Interview With Rich Gorman By Lyla Yang

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ver the past few years, a young entrepreneur has been on the rise.  His name is Rich Gorman and he owns/operates several well known businesses.

Rich Gorman is a Harvard dropout gone tech.  When I asked him in a recent interview what made him drop out of Harvard, Rich replied “Well, I haven’t acutally dropped out yet, I’m just putting in the bare minimum to finish up this semester.  Harvard was very good to me, but time is the most precious commodity that we have.  Most of my classmates are graduating and earning in the low 6 figures a year.  That’s great and all, but some of my businesses do that in a week.”

Here is an excerpt from our interview:

Lyla Yang: “Why is it that some of the most successful entrepreneurs in the world drop out of Harvard?”

Rich Gorman: “Well Lyla, I just don’t think that a true entrepreneur needs Harvard.  When your out in the field, you learn quickly that academia provides very little practical knowledge.  I.E. In my Private Equity class, I learned all of the definitions in private equity and had the opportunity to meet several of the top fund managers at firms like Blackstone.  The bottom line is that you can receive a much better education by working with these firms for funding.  Simply construct a team of the best financial guru’s and pick their mind on the funding.  They’ll provide you with ample advice that is truly applicable to the venture.”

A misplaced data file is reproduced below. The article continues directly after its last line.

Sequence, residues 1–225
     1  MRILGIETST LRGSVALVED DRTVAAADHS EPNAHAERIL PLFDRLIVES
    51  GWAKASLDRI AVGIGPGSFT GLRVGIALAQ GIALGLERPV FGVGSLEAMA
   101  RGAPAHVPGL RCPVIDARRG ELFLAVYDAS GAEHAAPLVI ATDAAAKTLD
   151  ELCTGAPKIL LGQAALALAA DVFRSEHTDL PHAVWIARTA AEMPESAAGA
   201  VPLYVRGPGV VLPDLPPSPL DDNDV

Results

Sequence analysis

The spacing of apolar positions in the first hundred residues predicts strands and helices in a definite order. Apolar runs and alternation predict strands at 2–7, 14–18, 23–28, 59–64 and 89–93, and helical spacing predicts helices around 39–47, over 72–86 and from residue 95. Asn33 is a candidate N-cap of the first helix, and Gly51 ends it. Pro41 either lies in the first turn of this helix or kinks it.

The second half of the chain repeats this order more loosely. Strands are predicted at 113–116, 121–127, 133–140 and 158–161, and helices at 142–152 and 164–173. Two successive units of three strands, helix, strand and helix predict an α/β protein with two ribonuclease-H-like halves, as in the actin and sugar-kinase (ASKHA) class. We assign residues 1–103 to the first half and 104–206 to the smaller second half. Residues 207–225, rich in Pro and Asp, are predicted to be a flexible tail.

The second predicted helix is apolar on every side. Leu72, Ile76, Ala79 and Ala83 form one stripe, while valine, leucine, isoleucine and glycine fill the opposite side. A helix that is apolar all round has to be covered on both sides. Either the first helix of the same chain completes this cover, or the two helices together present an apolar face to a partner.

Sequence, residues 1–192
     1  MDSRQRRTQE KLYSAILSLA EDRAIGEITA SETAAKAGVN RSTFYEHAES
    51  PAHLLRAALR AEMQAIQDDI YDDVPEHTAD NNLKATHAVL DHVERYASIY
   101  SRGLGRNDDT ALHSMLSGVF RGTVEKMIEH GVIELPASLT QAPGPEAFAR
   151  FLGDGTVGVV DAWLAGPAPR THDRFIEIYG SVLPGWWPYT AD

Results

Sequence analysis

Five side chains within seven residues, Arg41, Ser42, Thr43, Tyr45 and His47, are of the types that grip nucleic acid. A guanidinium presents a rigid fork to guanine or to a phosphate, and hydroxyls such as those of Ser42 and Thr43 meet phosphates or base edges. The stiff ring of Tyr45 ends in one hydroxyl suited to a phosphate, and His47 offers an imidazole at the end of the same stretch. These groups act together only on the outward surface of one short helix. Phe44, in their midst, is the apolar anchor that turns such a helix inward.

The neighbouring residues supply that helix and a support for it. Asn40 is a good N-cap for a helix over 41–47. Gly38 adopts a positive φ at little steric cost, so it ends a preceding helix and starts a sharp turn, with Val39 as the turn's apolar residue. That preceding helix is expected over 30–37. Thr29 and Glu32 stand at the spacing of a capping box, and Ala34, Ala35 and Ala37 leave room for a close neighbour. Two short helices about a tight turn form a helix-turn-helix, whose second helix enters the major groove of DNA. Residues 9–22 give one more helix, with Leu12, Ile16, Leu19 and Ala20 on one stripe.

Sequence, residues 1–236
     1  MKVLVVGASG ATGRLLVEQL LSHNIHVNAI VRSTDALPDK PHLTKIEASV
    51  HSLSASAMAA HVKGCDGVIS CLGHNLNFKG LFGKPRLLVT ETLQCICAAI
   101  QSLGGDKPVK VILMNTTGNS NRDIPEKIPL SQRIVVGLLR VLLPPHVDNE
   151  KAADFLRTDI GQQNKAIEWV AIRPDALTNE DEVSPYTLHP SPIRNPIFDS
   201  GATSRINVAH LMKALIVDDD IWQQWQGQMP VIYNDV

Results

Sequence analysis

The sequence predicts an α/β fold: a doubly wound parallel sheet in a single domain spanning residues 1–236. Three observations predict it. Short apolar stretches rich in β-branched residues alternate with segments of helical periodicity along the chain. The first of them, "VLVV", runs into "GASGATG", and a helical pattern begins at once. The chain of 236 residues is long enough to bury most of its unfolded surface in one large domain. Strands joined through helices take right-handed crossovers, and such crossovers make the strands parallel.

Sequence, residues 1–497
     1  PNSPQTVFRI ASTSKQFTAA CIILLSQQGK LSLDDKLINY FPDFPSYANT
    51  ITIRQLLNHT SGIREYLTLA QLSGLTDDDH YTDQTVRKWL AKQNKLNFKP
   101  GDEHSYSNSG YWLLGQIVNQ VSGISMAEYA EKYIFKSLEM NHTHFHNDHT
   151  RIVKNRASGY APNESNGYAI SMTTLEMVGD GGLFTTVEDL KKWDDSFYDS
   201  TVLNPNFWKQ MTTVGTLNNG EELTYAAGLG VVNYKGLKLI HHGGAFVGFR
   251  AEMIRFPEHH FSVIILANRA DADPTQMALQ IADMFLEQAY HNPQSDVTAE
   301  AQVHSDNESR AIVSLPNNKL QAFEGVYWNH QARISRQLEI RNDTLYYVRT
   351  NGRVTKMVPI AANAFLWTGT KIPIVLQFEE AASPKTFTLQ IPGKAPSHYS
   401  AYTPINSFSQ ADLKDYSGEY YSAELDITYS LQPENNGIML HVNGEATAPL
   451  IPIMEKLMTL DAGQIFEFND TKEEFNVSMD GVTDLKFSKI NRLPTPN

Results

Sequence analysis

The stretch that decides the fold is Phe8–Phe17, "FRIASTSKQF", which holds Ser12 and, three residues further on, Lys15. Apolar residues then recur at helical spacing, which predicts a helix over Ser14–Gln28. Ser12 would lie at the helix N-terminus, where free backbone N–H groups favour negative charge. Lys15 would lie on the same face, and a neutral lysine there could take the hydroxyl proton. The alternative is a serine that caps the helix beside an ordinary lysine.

Lyla Yang: “That’s interesting, where did you learn that?”

Rich Gorman: “Rich Dad, Poor Dad.  When I was growing up one of my closest friends (who was 10 years older) was a self made millionaire that never went to college.  When I was first accepted to college, I thought he would tell me not to go.  Instead, he told me to go to college, have fun, but read Rich Dad, Poor Dad by Robert Kiyosaki.  Going on his trusted advice I did so.  If there has ever been a more influential book written on entrepreneurship please let me know, because that book changed my life!”

Lyla Yang: “I’ve also read Rich Dad, Poor Dad but I never made it as an entrepreneur.”

Rich Gorman: “Well Lyla, I think that Rich Dad, Poor Dad is geared to bring out the entrepreneur inside of you.  With all due respect, a journalist is a journalist as an entrepreneur is an entrepreneur.  If you’re not meant to be an entrepreneur then it doesn’t matter how much literature you read on it, you’ll never become a good one.  Rich Dad, Poor Dad will bring out the true entrepreneur inside of you only if it already exists.”

After my interview with Rich Gorman we decided to hit the night life.  Rich is a lavish spender and knows how to have a good time.  This is one of the most exciting interviews I have yet to conduct and look forward to spending time with Rich and his team the next time they are our our way! 

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